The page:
(Last Updated on December 9, 2022 by ZIMDAILY EDITOR)
If you just walk to any economic agent who cares to listen to you and ask about Zimbabwean products, you are most likely hear a lot of complaints about how Zimbabweans imports almost everything.
The argument goes on to say that we should be at least manufacturing the basics locally and thereby creating jobs, since each time you import a good you are indirectly exporting jobs. Whether the argument holds water or not, depends on the school of thought you subscribe to.
However, we can all agree that these concerns have been raised and some steps were taken to try to correct them. You will remember S.I 64 of 2016 which was aimed at protecting the local industry by introducing import licences and restricting the importation of some basic goods. Initiatives like the Buy Zimbabwe campaign also followed all in an attempt to encourage production and consumption of local goods and services.
It would be interesting to however break down Zimbabwe’s Import Data to analyse what exactly we spend our money on, in the international market. The data used in this article stretches from January 2017 to August 2022, so it is likely that some goods that Zimbabweans used to consume a lot during the dollarisation era might not appear.
This one was a bit of a surprise to me, I acknowledge that we import electrical energy but not to that extent considering our own power generation is Hwange and Kariba. During that period we imported just under US$510 million, with the highest import consumption in the year 2020 when the country was under a strict lockdown. It is also key to note that during that time households started to rely on solar as an alternative source of energy. With lower levels of water in the Kariba Dam and the aging Hwange station, we need to increase our power generation locally if we do not wish to continue importing electrical energy.
Maize and Maize Meal
As our staple diet, it is no surprise that Zimbabweans consume significant amount of maize and maize meal. Perhaps the only surprise to someone who doesn’t follow these trade numbers is that we import so much. At one point we used to have more grain than we needed, but due to various factors we now find ourselves at the other side of the trade.
A total of US$541 million was spent on the importation of maize during that time. It is also important to remember that Zimbabwe experienced a number of droughts including Cyclone Idai-induced drought during that time.
In my opinion Zimbabwe seem like it takes agriculture seriously. If you check the balance sheet of the biggest banks, you’ll notice that they lend significantly towards this sector. However, the results are showing that either we need to do more or to change how we approach agriculture.
Just to cement the point above, we spent over US$850 million towards ammonium nitrate, phosphate, organic and inorganic fertilisers during that time.
Fertiliser is used in the agriculture process and one would assume that if we spend significantly on the inputs then maybe we will not need to import the output as well. It is definitely a surprise especially when you consider the amount we spent in importing grain. Over US$191 million was spent on ammonium nitrate alone, something that can be produced by some companies here in Zimbabwe.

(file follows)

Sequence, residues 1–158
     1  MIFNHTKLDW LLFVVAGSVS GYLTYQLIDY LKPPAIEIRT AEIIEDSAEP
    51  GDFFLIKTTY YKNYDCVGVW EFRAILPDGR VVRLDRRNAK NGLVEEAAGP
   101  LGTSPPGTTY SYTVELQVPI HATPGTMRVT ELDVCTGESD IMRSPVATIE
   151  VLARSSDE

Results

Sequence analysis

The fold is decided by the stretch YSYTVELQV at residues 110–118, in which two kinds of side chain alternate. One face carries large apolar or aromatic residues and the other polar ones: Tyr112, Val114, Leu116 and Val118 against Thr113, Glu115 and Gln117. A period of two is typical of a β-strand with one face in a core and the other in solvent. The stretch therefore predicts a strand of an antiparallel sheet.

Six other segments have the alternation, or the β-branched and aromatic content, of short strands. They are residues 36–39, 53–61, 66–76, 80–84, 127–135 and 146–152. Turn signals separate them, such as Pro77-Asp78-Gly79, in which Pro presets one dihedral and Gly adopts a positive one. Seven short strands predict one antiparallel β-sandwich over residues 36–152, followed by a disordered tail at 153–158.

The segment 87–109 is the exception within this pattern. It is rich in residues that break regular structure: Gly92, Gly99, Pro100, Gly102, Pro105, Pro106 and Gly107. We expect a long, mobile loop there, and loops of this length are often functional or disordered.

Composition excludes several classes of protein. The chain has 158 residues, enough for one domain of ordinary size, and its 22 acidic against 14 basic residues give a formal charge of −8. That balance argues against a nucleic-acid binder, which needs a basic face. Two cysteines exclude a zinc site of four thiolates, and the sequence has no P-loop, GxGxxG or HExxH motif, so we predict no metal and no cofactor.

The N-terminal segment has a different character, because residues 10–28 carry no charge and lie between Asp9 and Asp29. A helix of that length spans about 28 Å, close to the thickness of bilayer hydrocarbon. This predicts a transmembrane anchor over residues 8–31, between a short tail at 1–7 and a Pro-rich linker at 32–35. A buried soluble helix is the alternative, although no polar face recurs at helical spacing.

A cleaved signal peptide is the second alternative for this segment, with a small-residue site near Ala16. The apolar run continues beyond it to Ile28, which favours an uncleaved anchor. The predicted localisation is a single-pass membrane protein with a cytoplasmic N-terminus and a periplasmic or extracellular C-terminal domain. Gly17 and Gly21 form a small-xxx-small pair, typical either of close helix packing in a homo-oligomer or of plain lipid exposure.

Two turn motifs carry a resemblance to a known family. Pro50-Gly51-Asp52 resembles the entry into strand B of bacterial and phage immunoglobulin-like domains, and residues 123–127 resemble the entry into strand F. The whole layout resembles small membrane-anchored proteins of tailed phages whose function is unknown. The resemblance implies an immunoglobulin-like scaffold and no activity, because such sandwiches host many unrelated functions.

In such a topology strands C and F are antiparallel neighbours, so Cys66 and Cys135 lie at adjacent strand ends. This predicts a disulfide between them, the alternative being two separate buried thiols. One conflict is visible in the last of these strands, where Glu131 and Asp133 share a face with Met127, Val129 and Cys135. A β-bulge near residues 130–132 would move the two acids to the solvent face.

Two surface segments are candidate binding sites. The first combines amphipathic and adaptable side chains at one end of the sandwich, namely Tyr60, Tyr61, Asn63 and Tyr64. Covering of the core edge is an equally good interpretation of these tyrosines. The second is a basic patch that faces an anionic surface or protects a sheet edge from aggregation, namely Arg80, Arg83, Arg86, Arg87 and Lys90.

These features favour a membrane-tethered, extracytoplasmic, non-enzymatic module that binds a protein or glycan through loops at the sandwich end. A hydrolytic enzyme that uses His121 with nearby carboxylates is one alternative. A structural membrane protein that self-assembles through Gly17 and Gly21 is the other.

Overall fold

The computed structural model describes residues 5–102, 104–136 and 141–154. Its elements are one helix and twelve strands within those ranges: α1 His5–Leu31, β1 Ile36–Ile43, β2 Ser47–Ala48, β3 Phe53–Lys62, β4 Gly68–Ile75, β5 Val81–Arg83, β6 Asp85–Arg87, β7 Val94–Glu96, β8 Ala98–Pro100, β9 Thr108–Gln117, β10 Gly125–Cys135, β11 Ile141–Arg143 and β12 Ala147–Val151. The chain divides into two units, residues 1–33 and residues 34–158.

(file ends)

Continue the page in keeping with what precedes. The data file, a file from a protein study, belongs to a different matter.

Leaded and unleaded petrol
It is not a surprise that consumption of petrol should be up the list considering how we have imported light motor vehicles in the past 2 decades. The price of fuel in general has gone up significantly and this also explains why it is up the list.
During that period we imported leaded and unleaded petrol worth US$1,25 billion. Depending tension in Europe and the commodities price hike among other factors, prices of fuel might continue to remain at those high prices and subsequently we spend more of petrol imports.
Due to its far reaching uses other than just in vehicles, you would expect the country to consume more of diesel. It is the oil that keeps the engines of most of the industry pumping. A whooping US$2,8 billion was spent to ensure that the country has this liquid oil, more than double what was spent on petrol. If you look at the numbers more carefully you will realize that for every US$1 of imports, 12cents goes towards diesel. With the factors affecting petrol also applicable to diesel, we are at a risk of continuing to see this number going up.
Other significant imports
As the pandemic hit in late 2019, there was need for the government had to import vaccines and you will notice that together with other veterinary vaccines we imported a total of US$322 million worth of vaccines during that time.
In my opinion that was a necessary import. Another grain that we spent significant amount of money towards, is wheat. Arguments can be made that even if we produce wheat locally, we still need to import wheat from other regions for blending purposes.
It would be unfair to finish this article without mentioning how much motor vehicles we are importing especially, since these are the biggest consumers of fuel. Although importation of motor vehicles has decreased due to a number of factors we still managed to spend US$233 million towards motor vehicle imports. The law to ban cars older than 10 years could also have contributed to the decline in this number.
If you had met me in the street and asked me about Zimbabwean products, my response would include making sure that Zimbabwe focuses on reducing imports on things that made it to the list, especially those that are easily achievable like maize and wheat, then with time we will try to produce our own petrol and diesel. I do not think it will change much if we start by focusing on the smaller imports.